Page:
A: Zero. I knew it was the one. I wanted a provocative title that jumped off the cover, but I now regret the choice to a certain extent since I think it conveys the wrong image of the book. I was remarkably accepted as a white kid in a poor minority community. If it were the other way around, if I were a poor African American kid who grew up in a white working class neighborhood, I can't imagine how tough that would be. How little I would be accepted. We've all heard stories in the media about cases like this. So I think Honky is a misnomer, but I still like the sound of the word itself.
Q: What was your family's reaction to seeing the way that they are portrayed in Honky?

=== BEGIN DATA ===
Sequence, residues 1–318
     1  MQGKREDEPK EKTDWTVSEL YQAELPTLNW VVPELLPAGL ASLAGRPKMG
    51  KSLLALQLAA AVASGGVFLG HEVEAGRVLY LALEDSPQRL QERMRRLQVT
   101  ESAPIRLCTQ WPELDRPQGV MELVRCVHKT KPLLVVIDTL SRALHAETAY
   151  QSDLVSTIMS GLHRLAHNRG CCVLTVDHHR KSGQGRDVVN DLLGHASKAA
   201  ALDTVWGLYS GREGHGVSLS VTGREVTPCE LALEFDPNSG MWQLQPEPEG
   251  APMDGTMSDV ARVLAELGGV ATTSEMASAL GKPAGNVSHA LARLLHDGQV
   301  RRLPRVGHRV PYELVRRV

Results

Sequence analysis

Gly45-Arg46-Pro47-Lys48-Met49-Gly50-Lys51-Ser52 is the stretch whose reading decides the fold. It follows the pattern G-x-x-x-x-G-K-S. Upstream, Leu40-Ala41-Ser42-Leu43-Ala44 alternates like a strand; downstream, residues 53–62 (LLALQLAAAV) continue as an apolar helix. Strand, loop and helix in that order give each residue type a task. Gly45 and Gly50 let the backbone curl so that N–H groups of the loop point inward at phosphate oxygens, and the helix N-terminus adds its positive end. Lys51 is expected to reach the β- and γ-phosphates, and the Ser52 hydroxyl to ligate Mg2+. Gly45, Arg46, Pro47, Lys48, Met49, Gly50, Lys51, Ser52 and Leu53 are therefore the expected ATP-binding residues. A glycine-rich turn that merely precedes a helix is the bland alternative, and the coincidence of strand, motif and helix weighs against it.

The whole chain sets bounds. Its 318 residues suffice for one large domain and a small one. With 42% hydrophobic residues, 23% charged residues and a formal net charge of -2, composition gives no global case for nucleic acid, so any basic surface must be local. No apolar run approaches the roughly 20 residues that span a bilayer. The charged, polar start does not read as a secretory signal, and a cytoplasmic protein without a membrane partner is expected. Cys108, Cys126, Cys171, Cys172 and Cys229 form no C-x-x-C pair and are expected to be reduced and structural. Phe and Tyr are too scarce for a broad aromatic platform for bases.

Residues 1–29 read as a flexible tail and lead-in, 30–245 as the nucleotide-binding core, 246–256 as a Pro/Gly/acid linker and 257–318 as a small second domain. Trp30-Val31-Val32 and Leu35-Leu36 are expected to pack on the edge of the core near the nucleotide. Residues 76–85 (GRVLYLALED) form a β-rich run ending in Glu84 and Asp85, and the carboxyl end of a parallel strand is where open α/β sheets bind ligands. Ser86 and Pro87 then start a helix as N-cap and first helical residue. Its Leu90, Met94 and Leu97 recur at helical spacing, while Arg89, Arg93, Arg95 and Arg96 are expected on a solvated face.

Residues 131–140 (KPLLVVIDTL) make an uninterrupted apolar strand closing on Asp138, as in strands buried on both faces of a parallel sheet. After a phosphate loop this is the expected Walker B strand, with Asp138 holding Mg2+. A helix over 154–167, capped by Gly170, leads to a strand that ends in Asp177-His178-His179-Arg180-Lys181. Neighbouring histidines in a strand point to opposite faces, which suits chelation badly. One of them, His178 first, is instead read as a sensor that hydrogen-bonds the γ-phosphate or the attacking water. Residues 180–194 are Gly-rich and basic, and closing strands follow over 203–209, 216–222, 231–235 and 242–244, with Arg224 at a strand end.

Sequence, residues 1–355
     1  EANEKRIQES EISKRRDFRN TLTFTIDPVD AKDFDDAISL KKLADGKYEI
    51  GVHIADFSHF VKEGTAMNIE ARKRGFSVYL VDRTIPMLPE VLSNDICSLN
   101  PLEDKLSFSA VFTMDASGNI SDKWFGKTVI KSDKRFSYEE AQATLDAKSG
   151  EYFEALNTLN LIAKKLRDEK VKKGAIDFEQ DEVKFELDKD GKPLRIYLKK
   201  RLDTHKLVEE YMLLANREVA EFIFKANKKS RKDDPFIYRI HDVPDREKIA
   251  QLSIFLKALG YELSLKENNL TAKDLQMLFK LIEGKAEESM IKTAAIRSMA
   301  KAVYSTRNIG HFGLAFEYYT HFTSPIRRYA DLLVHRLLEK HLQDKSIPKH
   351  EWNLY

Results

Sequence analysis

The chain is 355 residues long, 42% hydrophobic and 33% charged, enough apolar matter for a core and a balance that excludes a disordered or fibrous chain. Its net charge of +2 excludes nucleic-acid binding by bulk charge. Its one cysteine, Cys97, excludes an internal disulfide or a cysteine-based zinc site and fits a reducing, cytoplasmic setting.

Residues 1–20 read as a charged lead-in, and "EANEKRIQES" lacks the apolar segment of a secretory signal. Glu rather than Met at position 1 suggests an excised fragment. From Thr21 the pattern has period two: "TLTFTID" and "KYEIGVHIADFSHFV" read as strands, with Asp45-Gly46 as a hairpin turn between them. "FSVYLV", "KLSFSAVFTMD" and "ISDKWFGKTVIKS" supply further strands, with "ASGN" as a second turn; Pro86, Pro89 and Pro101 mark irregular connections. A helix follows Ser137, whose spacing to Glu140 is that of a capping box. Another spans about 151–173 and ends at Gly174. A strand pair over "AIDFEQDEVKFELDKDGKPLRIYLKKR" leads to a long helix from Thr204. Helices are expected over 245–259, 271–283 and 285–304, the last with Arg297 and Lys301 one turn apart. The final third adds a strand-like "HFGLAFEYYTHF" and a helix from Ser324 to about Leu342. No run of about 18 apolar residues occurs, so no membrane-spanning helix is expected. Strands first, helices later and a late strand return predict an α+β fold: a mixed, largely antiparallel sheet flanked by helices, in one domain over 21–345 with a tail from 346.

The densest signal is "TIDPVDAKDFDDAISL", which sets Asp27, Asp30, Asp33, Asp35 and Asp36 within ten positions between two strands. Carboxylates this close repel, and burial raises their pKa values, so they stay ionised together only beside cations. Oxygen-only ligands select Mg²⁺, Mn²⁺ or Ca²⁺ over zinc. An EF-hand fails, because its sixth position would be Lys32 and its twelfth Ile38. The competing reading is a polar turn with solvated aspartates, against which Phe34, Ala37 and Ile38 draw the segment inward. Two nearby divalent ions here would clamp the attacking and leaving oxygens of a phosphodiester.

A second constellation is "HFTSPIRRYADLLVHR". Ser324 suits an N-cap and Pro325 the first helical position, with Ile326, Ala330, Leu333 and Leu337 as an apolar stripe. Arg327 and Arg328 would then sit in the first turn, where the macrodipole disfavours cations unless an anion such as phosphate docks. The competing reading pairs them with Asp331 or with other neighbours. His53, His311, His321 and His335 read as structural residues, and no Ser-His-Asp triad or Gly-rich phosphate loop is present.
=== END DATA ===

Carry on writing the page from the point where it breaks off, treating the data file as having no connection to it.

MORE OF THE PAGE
A: My father still quotes the book where I mention how he rubs the scar tissue on his face as he punches the numbers on his calculator as he handicaps the racing form. But otherwise, I think they are okay with how it turned out. I made sure not to show them any text before the book came out. I did ask questions to verify memories, etc. but I didn't want the book written by committee. My mother and sister write so they can have their own say, their revenge.
Q: Have your heard from any childhood friends since the book's publication?
A: A couple have contacted me to ask, "Hey, why wasn't I in the book, man?" But the most important contact I have had has been with Jerome, my friend who is shot and paralyzed in the book and to whom the book is dedicated. I had not heard from him since he had moved out of New York. One day during a radio interview a listener recognized who I was talking about and called in. She got us back in touch and it was certainly the right Jerome. We've talked several times and I am looking forward to seeing him in person again after so many years.